Having read Sherlock Holmes as a young girl, McCloy retained an interest in mysteries and began to write them in the 1930s. Her her first novel, Dance of Death (1938) was followed by several other crime publications in the 1940s. Cue for Murder (1942) was a story of murder onstage during a Broadway revival of Sardou's Fédora. McCloy did not hesitate to touch political issues, as in The One That Got Away (1945), that explored the psychology of Fascism, which she felt was rooted in the hatred of women. A non-Willing mystery, Panic (1944), was set in a remote cottage in the Catskills and was notable for its use of cryptoanalysis.
McCloy's hero, Dr. Basil Willing, is tall and elegant, comes from Baltimore, but he had a Russian mother. Willing became interested in psychiatry when he saw shell-shocked soldiers during his World War I service. He earned a degree in psychiatry from Johns Hopkins University, and like McCloy, he knows Paris and Vienna, where he continued his studies, acquiring a thorough knowledge of Freudian psychoanalysis. Willing's wife was an Austrian refugee, Gisela von Hohenems, who first appeared in The Man in the Moonlight (1940). They are married in Alias Basil Willing (1951) and Mr. Splitfoot (1968). Later he is widowed; McCloy never reveals details of her death. Willing lectures at Harvard, acts as an adviser to the New York district attorney's office, and lives with his daughter, named Gisela after her mother. Interested in perception and thinking, Willing is determined to find out how the villiain's perceptions are different from other people's.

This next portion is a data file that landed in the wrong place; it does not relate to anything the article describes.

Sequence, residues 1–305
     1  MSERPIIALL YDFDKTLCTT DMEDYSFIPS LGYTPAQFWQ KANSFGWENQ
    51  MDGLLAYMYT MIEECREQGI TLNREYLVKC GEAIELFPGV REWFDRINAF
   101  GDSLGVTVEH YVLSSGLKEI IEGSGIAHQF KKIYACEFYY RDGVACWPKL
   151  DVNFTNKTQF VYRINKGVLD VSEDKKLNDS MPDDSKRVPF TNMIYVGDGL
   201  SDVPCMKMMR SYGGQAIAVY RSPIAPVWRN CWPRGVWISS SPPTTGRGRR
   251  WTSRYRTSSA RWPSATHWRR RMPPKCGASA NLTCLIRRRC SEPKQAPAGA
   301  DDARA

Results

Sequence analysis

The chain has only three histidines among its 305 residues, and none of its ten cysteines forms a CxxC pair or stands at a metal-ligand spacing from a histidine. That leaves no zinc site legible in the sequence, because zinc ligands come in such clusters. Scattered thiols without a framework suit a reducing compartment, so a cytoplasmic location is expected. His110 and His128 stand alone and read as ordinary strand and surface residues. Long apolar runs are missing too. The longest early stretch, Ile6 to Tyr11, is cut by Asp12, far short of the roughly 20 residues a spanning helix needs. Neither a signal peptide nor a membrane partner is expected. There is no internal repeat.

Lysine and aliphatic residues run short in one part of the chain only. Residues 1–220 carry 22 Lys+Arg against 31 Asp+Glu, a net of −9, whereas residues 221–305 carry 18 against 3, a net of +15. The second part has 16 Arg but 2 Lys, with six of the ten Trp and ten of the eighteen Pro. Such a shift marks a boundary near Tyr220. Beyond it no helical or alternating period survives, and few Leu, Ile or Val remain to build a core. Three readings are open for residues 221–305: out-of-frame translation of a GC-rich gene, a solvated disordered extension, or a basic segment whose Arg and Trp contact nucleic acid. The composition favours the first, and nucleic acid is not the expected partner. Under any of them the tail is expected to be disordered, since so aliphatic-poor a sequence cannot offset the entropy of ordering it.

Willing appeared mostly in novels but also first time in the
story 'Through a Glass, Darkly' which was a retelling of the legend of
the Doppelgänger and was expanded into a novel of the same name in
1950. In 'The Singing Diamonds' Willing investigated reports of flying
saucers; it became the title story of a 1965 collection of works by
Helen McCloy. In Mr. Splitfoot,
Dr. Willing and his wife to take shelter at a remote house in